After three years of struggling with little success in Zinder and another five breaking new ground in the Maradi region, SIM finally had, in 1933, the beginnings of a church in its more promising location in Tsibiri. The mission had attracted a core group of converts through contacts with the family of Musa Marafa, through the novelty of providing an alternative literate monotheism, and through the daily exposure to local populations as a major...

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7. “An Extremely Dangerous Suspect”: From Vichy-Era Travails to Postwar Triumph

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pp. 224-252

By the late 1930s, SIM’s persistent attempts to gain spiritual purchase in the Hausa-speaking region finally appeared to be showing results. In Nigeria, the mission had taken over the Kano and Katsina leper settlements from the government and had constructed a third settlement at Sokoto; the leprosy work was immediately “fruitful,” making it likely that the mission would push to open further leprosaria and medical stations in Nigeria and Niger (Beacham 1940, 3).

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8. Impasses in Vernacular Education, 1945–1995

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pp. 253-289

On a Sunday morning in Maladi, as we are walking up the street leading from the mission compound to the Seventeen Doors EERN Church, my Christian friends and I pass goats; a circle of boys crouched in the dust with their backs to us, lost in some imaginary world; the man who sells sandals; a woman frying ’kosai beancakes with her little girl beside her—Muslim neighbors busy with their own Sunday routines.

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9. Handmaid to the Gospel: SIM’s Medical Work in Niger,1944–1975

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pp. 290-328

When Adamu Na Mamayo was a young man in Nigeria tending his father’s cattle, he was encouraged to pursue Koranic learning as his father, a Fulani Muslim scholar, had done. He was eighteen and well trained in Islam when his family discovered that he was showing symptoms of kurtu, or leprosy. They sent him to a SIM leprosarium in Nigeria for treatment in the early 1950s.

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10. The Tree of Life: Regenerating and Gendering the Garden after the Fall, 1975–2000

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pp. 329-362

Iwas invited to visit some of the villages in which SIM has worked in the areas of agro-forestry and rural development by an impressive Maradi celebrity named Ibrahim Yahaya, popularly known as Jaho. Jaho hosts SIM’s weekly development radio show on Radio Anfani. The show airs live at noon when people are at home preparing the midday meal and is rebroadcast in the late afternoon when people are listening to the radio in the cool of the day.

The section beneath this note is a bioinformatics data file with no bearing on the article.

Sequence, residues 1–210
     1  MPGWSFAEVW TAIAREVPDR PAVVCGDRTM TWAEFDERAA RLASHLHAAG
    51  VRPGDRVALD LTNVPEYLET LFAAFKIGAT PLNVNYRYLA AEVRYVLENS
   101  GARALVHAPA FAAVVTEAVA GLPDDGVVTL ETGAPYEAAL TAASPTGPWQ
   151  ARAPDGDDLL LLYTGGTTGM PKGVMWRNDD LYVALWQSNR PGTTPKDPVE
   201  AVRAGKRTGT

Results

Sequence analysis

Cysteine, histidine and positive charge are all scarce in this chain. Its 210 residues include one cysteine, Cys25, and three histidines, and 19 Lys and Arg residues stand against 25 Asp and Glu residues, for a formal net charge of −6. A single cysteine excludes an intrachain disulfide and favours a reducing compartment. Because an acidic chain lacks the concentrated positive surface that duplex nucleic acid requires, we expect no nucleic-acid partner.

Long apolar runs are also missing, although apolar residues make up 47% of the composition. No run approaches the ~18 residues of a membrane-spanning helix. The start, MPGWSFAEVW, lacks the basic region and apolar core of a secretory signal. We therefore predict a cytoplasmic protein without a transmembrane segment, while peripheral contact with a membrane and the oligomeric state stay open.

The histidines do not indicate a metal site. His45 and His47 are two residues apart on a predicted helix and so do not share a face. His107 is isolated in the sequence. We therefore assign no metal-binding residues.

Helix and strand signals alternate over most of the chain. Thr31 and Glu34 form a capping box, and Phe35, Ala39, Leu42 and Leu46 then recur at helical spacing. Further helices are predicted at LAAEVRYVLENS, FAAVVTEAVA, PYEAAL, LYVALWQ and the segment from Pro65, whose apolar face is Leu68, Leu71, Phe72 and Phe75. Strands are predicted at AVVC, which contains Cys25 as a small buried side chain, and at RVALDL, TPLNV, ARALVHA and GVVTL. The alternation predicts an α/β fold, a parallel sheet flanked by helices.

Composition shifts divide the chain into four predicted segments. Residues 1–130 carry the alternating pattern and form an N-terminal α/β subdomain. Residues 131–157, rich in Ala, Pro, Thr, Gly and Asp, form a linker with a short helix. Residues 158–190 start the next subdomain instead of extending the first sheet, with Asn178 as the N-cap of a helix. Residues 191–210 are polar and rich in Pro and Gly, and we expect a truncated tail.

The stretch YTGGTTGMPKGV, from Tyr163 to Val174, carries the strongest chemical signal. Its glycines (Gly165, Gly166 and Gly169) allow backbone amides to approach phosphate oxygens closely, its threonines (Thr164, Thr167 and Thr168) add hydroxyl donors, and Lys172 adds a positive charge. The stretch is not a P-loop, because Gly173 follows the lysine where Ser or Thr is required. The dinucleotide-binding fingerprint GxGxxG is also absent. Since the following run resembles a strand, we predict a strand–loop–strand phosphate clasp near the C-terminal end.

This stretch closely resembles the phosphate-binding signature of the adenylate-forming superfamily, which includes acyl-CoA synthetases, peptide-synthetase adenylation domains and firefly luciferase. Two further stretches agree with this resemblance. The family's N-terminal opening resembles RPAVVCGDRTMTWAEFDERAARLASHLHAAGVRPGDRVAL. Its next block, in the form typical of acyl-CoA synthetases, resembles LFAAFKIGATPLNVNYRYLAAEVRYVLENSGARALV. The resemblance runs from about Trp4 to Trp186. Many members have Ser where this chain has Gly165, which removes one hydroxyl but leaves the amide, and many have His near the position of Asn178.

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11. C

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pp. 363-399

Some Hausa were visiting some European Christians for the first timeand were very unfamiliar with their habits and customs. So the leader of the Hausa was keeping an eye on his companions and noticed that they kept making mistakes and doing uncouth things as they were eating and so on.

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Epilogue: SIM’s Successors and the Pentecostal Explosion

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pp. 400-412

It is commonplace today to view the explosion of Pentecostalism in the past twenty years as a new and distinctive phenomenon. Certainly it has a number of features that are strikingly different from the evangelical Christianity SIM introduced into the region. However, despite the emphasis within Pentecostalism upon a distinct rupture with one’s past, as a historian I can’t help but be struck...

glossary

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pp. 413-414

notes

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pp. 415-434

works consulted

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pp. 435-454

index

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pp. 455-462


E-ISBN-13: 9780253111920
E-ISBN-10: 0253111927
Print-ISBN-13: 9780253347398

Page Count: 480
Illustrations: 9 b&w illus., 3 maps
Publication Year: 2006

Series Title: African Systems of Thought

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Subject Headings

  • Missions -- Niger.
  • Sudan Interior Mission.
  • SIM (Organization).
  • Christianity and other religions -- Islam.
  • Islam -- Relations -- Christianity.
  • Christianity -- Niger.
  • Islam -- Niger.